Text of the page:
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Equation into Matrix

  1. Jul 17, 2009 #1
    I have the following equations:

    [tex]x* = C\frac{(xcos(t)+ysin(t))/cos(s)}{f-xtan(s)cos(t)-ytan(s)sin(t)}[/tex]

    [tex]y* = C\frac{-xsin(t)+ycos(t)}{f-xtan(s)cos(t)-ytan(s)sin(t)}[/tex]

    I want to transform it into a matrix so that the x and y are separated.

    I can easily separate the numerator. But I'm having trouble separating the denominator. I tried to do it using partial fraction, but I don't know what to do with the f. I got as far as taking tan(s) out.

    [tex]f-xtan(s)cos(t)-ytan(s)sin(t) = f-tan(s)(xcos(t)-ysin(t))[/tex]

    I don't even know where to start.
     
  2. jcsd
  3. Jul 17, 2009 #2

    tiny-tim

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    Hi sourlemon! :wink:

    (I haven't actually tried this, but …)

    does it help if you rotate, and put p = xcos(t) + ysin(t), q = ycos(t) - xsin(t)? :smile:
     
  4. Jul 18, 2009 #3
    thank you for your quick response tim. I don't exactly understand what you mean though. As you said, if I set the variable to p and q, I would have the following.

    [tex]x* = C\frac{p/cos(s)}{f-tan(s)(p)}[/tex]

    [tex]y* = C\frac{q}{f-tan(s)(p)}[/tex]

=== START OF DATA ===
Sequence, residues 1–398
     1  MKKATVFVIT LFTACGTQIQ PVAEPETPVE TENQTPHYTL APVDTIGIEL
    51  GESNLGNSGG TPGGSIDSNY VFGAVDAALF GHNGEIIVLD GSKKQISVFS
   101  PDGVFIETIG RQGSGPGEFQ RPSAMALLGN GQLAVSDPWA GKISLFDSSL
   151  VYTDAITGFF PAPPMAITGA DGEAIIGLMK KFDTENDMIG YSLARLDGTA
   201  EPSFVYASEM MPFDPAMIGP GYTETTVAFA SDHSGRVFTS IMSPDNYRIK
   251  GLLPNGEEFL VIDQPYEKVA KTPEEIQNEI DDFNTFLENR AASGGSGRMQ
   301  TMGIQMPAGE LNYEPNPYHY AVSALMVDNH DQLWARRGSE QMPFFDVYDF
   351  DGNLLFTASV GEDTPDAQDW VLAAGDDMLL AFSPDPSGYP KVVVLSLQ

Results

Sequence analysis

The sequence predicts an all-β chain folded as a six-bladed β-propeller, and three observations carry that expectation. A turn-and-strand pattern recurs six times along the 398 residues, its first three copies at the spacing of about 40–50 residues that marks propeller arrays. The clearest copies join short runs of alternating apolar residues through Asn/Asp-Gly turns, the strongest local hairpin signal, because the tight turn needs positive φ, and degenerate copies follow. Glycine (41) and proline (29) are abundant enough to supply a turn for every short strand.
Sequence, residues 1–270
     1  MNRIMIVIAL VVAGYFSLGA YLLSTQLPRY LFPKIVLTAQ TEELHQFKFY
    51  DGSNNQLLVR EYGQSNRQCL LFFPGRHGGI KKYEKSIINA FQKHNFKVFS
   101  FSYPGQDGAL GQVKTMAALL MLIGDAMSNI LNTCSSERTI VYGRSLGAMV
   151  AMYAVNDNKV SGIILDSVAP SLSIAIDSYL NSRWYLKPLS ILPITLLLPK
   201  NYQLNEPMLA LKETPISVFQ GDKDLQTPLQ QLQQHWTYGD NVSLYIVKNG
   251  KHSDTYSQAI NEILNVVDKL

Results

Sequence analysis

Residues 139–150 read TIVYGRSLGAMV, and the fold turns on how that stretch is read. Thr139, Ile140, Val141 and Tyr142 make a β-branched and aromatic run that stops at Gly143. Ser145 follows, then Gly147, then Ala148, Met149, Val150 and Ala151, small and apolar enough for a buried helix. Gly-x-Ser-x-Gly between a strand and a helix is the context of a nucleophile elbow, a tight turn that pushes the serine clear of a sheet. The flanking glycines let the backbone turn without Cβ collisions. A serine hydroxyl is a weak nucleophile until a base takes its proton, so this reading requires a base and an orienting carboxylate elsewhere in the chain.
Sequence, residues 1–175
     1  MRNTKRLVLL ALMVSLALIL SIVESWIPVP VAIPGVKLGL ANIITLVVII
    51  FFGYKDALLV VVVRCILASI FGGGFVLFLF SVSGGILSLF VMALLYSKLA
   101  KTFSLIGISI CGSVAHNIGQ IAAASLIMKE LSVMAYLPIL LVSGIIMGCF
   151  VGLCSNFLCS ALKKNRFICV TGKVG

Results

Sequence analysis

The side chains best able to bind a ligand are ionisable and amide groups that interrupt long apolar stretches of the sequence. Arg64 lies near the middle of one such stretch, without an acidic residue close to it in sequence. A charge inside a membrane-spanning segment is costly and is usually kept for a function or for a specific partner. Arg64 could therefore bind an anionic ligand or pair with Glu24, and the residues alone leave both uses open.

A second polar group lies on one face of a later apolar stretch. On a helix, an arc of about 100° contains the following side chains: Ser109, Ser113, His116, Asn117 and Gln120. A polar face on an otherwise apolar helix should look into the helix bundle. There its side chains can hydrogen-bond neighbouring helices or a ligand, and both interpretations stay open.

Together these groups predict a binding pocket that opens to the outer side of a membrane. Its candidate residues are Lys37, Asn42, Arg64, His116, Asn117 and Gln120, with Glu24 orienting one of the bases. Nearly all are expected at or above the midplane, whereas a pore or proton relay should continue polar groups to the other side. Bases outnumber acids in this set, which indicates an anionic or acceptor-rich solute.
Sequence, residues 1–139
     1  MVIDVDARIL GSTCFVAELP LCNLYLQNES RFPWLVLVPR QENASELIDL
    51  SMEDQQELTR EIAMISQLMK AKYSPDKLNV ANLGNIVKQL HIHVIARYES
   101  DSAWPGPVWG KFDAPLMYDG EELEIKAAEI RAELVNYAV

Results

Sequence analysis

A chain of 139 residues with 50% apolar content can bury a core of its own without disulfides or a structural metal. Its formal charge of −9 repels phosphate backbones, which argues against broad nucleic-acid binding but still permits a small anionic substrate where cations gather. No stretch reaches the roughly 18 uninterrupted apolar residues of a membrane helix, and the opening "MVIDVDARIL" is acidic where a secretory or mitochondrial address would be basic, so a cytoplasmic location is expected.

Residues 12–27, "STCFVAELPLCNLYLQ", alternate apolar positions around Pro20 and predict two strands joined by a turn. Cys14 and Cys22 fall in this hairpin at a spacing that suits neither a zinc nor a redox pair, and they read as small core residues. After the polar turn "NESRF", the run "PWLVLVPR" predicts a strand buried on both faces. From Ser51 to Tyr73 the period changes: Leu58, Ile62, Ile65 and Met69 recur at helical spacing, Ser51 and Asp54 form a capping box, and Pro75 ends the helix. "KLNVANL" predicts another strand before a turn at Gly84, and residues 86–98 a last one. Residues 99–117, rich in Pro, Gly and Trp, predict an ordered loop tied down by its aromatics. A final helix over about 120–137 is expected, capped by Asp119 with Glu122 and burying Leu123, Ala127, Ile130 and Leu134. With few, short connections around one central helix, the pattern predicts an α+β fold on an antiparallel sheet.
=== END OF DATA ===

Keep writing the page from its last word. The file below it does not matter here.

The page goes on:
But how would that help me extract x and y out of the equation with the denominator being f-tan(s)p. This is the result I want. (I don't know how to write matrix in here, so I'll write it in matlab format, hopefully you'll understand.)

    [x*; y*] = [matrix] [x; y]
     
    Last edited: Jul 18, 2009
  5. Jul 18, 2009 #4

    tiny-tim

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    Hi sourlemon! :wink:

    (again, I haven't tried it, but …)

    the next step would be finding p* and q* (and maybe tidying a bit by multiplying top and bottom by cos(s)) :smile:
     
  6. Jul 18, 2009 #5
    thank you again for your quick response tim. You don't have to worry about it working or not, I'm just happy you're pointing me to a direction. I hope you won't lose your patience with me as I'm slow with this. But can I ask what is p* and q*?

    [tex]x* = \frac{Cp}{fcos(s)-tan(s)(p)cos(s)}[/tex]

    [tex]y* = \frac{Cq}{f-tan(s)(p)}[/tex]
     
  7. Jul 19, 2009 #6

    tiny-tim

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    Sure! We defined p = xcos(t) + ysin(t), q = ycos(t) - xsin(t),

    so p* = x*cos(t) + y*sin(t), q* = y*cos(t) - x*sin(t). :smile:
     
  8. Jul 19, 2009 #7
    Thank you tim. So now do I substitute x* and y* in terms of p* and q*?

    Tim, is this a special type of substitution? Is there an example that I can see?
     
    Last edited: Jul 19, 2009
  9. Jul 19, 2009 #8

    tiny-tim

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    To get p*, just multiply the equation for x* by cos(t), and the equation for y* by sin(t), and add.

    And similarly to get q*.
     
  10. Jul 19, 2009 #9
    Thank you again for your patience, Tim :) Hopefully I followed your instruction correctly. This is what I got for p* and q*.

    [tex]p* = \frac{Cpcos(t) + Cqsin(t)cos(s)}{cos(s)(f-tan(s)(p))}[/tex]

    [tex]q* = \frac{Cqcos(t)cos(s) - CPsin(t)}{cos(s)(f-tan(s)(p))}[/tex]


    And if I multiply the cos(s)

    [tex]p* = \frac{Cpcos(t) + Cqsin(t)cos(s)}{fcos(s)-psin(s)}[/tex]

    [tex]q* = \frac{Cqcos(t)cos(s) - Cpsin(t)}{fcos(s)-psin(s)}[/tex]

    So what do I do next?
     
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